I am at the SAP BI and Portals conference this week. I attended a session yesterday morning entitled "Guidelines for analyzing your BI data using Microsoft Excel pivot tables" that was given by Josh Djupstrom. I admit that I am biased because it was the MDX 2005 query language technology from Simba that made this connectivity possible. However, aside from my bias, this was actually a very good session. Unfortunately, it was at 8:30 in the morning so attendance was probably lighter than it would have been if the session were at a more amenable time.
The presentation from Josh was well done. I spoke to Josh after the presentation and found out he is part of the NetWeaver RIG (regional implementation group). The RIG is supposed to help customers with their more challenging NetWeaver issues. Josh tells me that they are quite busy these days which I assume is a good thing. When I asked Josh about his experience with Excel pivot tables and NetWeaver BW, he told me that he had not used this until he was told a few days ago that he would be presenting on the topic. He told me that he went to try out Excel pivot tables and it was easy to get things up and running. He was quite impressed at how easy it was to use and how functional it was. And he did not even need to know how to write MDX language queries!
The people in the audience seemed to like the Excel pivot tables with NetWeaver BW functionality. What also amazed a number of these people was that they do not have to pay extra for this functionality. This functionality comes with NetWeaver BW 7 and since pretty much everyone has Excel on their desktop, this is really plug and play.
The free part of the Excel pivot tables connectivity is important because it seems there is some concern by SAP customers that SAP wants to charge SAP customers for the Business Objects applications as a premium offering. This actually makes a lot of sense considering how much SAP spent to acquire Business Objects. Aside from the cost to acquire Business Objects, SAP is actually spending a lot of time and resources on making sure the Business Objects applications work very well against the SAP suite. This is something that I don't think a lot of people realize is a very difficult task. Sure, prior to the acquisition, Business Objects as well as other BI vendors claimed their products worked well against SAP. However, having been in the data connectivity space for 12 years now, I know this is no trivial task. The fact that the SAP and Business Objects people are working so closely now tells me that the next generation of Business Objects applications will truly be optimized for SAP connectivity and customers will benefit greatly. The challenging part for SAP will be that if they do a good job (and there is not reason to believe they won't), then the customers will never realize how good they have it.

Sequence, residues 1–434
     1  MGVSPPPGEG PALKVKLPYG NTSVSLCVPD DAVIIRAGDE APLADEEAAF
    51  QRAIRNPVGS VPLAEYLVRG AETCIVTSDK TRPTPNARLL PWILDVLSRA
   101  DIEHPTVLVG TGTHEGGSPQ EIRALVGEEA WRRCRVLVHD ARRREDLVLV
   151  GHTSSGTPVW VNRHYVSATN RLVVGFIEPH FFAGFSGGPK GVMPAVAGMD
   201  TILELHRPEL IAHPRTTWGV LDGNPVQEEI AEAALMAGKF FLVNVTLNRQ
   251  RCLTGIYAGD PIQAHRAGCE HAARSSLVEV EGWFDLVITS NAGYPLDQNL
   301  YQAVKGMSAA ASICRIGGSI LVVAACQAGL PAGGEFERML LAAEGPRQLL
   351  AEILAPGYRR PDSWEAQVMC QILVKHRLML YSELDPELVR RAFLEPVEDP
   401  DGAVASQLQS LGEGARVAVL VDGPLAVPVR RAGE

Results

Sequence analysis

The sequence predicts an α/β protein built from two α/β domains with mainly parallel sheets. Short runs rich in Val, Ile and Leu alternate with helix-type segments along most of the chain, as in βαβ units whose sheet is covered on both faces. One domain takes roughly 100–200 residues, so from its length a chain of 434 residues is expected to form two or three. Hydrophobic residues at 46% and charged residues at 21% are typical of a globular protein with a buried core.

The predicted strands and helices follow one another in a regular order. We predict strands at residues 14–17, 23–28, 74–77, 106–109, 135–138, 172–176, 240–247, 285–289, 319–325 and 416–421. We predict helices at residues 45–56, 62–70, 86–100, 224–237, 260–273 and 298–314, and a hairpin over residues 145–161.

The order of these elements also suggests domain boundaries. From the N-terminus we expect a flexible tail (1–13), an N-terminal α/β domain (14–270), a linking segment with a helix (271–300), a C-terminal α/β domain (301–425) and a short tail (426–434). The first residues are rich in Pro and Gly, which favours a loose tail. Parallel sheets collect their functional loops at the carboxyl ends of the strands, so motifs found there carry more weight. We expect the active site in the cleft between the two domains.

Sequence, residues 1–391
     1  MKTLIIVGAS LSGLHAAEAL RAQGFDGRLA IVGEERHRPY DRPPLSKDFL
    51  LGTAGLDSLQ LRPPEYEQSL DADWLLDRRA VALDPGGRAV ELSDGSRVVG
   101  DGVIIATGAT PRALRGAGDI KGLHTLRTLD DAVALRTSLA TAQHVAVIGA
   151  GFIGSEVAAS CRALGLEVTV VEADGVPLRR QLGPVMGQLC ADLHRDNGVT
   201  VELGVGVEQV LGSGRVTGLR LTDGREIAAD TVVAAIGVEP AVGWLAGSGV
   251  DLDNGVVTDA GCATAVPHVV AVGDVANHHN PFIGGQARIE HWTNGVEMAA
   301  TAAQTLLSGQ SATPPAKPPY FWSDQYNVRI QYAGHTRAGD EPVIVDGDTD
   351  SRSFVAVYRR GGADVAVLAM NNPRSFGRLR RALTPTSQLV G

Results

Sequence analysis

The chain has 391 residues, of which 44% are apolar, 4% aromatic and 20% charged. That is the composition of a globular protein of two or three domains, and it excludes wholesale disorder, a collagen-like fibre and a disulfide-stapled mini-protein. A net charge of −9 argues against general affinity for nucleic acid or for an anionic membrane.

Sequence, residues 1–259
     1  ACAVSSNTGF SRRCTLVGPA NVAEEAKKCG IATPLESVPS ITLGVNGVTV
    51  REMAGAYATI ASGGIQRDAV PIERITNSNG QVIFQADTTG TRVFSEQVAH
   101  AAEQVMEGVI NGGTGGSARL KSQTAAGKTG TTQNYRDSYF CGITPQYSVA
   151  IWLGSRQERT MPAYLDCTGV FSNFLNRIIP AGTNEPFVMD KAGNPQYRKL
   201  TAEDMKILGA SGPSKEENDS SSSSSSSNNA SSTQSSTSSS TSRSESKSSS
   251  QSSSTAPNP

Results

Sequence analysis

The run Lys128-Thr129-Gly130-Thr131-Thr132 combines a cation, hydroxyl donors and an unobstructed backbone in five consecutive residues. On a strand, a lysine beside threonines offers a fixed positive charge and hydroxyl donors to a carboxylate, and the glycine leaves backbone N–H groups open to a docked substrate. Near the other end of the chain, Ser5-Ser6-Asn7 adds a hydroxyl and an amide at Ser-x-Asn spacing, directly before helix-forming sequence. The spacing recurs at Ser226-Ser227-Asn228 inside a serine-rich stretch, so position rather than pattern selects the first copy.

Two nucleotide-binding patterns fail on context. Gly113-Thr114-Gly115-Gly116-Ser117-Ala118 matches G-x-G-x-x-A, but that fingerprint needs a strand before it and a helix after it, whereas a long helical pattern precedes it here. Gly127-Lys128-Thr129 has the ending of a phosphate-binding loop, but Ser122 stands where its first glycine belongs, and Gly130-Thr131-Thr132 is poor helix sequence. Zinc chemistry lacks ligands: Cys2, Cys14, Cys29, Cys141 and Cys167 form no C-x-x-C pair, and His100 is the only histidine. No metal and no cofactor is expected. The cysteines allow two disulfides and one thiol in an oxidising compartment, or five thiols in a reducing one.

Back to Excel pivot tables and NetWeaver BW, besides there being no cost for existing BW and Excel users, as Josh said, this is easy to get up and running. Also, one of the people at the session that I spoke to told me her CIO was going to love this. She told me her CIO is a Microsoft guy and the fact that he gets to use a Microsoft BI client against the SAP BW system would be a huge win. And the sad part is that they never knew about this before. Go figure.
I can understand from an SAP Business Objects point of view, this is not something from which they can generate extra revenue. However, it does add value for their customers and in a recession, it is all about adding value. Also, think about what kind of upgrade path to something like XCelsius that SAP could give its customers…